FIGS. 7, 8 and 8a show a shank 217 which can constitute or form part of a male component 203 (FIG. 13) and is hollow. Its axial bore or hole 217D communicates with four axially parallel equidistant slots 251 which alternate with resilient sections 227. The end portion or tip 219 of the shank 217 resembles a hollow truncated pyramid and defines with the adjacent portion of the shank a set of four shoulders 223 disposed in planes which make oblique angles with the axis of the shank. The tip 219 is further provided with four relatively short V-shaped notches or grooves 253 each of which is open at one of the slots 251 and forms part of a helix
(see particularly FIG. 8a). The shank 217 has four identical resilient sections 227 because the four slots 251 are disposed (in pairs) in two planes which are normal to each other and cross each other along the longitudinal axis of the shank. Each resilient section 227 is formed with a facet 221 which begins at the respective shoulder 223 and extends toward but short of the opposite end of the shank 217. The entire shank 217 can be made of spring steel or another material which is selected with a view to ensure that the sections 227 exhibit at least some resiliency and can be flexed toward the axis of the shank in order to reduce the width of the slots 251 and to thus reduce the size of the tip 219. This renders it possible to cause the tip 219 to pass through the substantially square central passage 257 of a disc-shaped part 205 (hereinafter called disc for short) of the female component of the coupling device 201 (FIG. 13) including the shank 217. The disc 205 is shown in FIGS. 11, 12 and 13 and further comprises four shoulders 229 which are adjacent the edges bounding the passage 257. The disc 205 further comprises four stressing portions in the form of ramps or cams 259 which are adjacent the shoulders 229 and are obtained by bending substantially triangular elongated portions out of the general plane of the disc 205 (see FIG. 11). Such cams can be formed by providing the disc 205 with substantially radially extending short slits 261 at the corners of the passage 257 and by thereupon bending the adjacent marginal portions out of the general plane of the disc. The inclination of the cams 259 relative to the plane of the disc 205 matches or approximates the inclination of the notches 253 relative to a plane which is normal to the longitudinal axis of the shank 217. The reference character 255 denotes in FIGS. 11 and 12 the non-deformed major portion of the disc 205.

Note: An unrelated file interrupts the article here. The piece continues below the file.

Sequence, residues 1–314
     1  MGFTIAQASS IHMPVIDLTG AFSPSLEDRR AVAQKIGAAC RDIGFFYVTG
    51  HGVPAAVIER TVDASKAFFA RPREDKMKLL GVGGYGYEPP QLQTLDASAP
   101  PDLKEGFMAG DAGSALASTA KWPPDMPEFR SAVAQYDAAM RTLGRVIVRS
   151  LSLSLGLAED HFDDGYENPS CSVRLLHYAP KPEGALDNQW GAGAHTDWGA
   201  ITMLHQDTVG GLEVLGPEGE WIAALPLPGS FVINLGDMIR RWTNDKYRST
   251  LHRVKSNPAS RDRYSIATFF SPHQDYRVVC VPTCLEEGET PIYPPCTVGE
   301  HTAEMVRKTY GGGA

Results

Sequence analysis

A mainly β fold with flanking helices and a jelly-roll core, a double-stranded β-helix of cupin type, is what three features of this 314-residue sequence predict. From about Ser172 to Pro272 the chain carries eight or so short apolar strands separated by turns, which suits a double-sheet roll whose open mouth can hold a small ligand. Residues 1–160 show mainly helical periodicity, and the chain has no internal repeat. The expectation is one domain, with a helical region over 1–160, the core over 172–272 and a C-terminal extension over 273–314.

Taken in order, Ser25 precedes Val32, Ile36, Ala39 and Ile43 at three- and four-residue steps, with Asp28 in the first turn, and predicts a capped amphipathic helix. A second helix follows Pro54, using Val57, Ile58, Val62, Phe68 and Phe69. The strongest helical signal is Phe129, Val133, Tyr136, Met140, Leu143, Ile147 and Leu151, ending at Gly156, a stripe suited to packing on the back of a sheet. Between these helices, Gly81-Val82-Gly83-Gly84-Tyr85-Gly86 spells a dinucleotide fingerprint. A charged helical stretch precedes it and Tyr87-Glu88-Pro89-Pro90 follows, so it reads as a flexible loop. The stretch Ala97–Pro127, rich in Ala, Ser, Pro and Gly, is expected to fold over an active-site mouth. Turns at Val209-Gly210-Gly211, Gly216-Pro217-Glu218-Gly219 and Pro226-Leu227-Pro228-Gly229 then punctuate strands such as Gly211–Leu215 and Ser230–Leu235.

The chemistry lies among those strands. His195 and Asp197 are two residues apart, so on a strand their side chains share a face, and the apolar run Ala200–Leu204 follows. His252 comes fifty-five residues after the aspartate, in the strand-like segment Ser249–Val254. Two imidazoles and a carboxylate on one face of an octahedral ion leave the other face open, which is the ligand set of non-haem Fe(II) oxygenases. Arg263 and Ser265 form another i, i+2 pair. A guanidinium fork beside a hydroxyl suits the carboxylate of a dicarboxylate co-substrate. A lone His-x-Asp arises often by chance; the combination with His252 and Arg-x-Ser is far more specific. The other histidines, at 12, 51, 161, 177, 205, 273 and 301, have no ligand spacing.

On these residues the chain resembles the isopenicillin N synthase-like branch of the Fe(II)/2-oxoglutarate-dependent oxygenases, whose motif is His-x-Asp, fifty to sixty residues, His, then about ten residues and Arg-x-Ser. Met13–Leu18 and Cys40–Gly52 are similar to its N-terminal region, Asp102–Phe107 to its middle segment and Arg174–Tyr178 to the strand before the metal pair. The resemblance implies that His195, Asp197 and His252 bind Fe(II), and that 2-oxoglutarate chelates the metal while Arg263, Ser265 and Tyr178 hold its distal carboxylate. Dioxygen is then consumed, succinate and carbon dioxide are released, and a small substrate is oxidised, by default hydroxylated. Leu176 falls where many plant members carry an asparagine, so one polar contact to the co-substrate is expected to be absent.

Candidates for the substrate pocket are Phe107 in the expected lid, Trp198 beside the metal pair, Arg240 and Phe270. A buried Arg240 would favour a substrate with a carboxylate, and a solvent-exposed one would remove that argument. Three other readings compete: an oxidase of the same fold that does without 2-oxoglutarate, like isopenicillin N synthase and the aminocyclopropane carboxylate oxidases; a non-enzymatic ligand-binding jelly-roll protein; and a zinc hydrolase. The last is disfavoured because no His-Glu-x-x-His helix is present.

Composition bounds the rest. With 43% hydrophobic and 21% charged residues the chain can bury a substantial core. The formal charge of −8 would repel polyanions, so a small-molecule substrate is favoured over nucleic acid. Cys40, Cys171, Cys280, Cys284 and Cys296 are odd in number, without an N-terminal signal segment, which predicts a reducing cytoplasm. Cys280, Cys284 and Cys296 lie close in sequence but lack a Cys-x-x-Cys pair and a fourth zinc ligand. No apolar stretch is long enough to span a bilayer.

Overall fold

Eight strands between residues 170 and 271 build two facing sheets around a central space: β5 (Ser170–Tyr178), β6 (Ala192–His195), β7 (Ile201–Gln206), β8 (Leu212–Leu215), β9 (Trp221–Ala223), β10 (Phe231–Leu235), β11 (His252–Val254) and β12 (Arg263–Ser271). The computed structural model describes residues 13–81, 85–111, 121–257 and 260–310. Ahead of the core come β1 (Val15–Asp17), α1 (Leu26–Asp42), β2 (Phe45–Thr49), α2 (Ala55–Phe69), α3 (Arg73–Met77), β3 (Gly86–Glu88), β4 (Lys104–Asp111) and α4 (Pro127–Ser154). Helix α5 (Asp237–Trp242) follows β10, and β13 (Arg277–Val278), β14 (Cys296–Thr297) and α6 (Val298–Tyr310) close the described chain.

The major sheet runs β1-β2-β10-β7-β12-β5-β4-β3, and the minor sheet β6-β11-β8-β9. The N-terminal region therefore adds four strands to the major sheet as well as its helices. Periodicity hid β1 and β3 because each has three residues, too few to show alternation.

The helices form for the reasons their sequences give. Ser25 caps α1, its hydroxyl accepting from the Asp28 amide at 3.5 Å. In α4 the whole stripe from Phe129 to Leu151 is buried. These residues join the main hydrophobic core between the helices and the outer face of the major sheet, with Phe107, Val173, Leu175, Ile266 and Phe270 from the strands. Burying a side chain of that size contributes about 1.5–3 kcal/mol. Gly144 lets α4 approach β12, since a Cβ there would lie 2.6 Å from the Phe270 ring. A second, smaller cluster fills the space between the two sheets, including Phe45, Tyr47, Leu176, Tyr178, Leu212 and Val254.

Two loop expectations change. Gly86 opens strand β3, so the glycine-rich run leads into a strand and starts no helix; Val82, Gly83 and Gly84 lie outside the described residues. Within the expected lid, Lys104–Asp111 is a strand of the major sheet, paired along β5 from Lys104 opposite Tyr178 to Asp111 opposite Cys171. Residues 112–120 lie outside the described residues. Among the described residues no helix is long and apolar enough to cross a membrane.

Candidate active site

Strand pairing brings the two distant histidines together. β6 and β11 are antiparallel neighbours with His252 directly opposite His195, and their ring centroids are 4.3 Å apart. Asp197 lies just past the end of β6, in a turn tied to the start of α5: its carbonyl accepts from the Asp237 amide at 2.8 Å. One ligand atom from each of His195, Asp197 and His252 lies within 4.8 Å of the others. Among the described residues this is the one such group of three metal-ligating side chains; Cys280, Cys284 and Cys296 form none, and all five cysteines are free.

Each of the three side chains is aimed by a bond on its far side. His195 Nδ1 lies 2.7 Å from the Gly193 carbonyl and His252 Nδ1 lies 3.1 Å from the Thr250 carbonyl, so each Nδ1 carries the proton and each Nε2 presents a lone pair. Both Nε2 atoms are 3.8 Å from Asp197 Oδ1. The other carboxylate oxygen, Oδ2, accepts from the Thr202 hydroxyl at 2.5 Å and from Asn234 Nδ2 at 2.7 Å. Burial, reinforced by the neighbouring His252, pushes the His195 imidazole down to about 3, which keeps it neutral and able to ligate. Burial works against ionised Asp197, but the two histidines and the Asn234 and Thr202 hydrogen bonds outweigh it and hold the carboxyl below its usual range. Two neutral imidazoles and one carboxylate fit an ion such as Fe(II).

The cams 259 of the disc 205 can be said to constitute straightened out portions of an external thread and the notches 253 can be said to constitute straightened out portions of a helical cam groove. The number of shoulders 229 and cams 259 equals m times n wherein m is the number of facets 221 and n is a whole number including one.
It is possible to modify the tip 219 of the shank 217 by providing it with a total of eight notches 253. A fifth notch 253 is indicated in FIG. 8a by broken lines. The disc 205 is then provided with a total of eight stressing portions or cams 259. A fifth cam 259 is indicated in FIG. 12 by broken lines.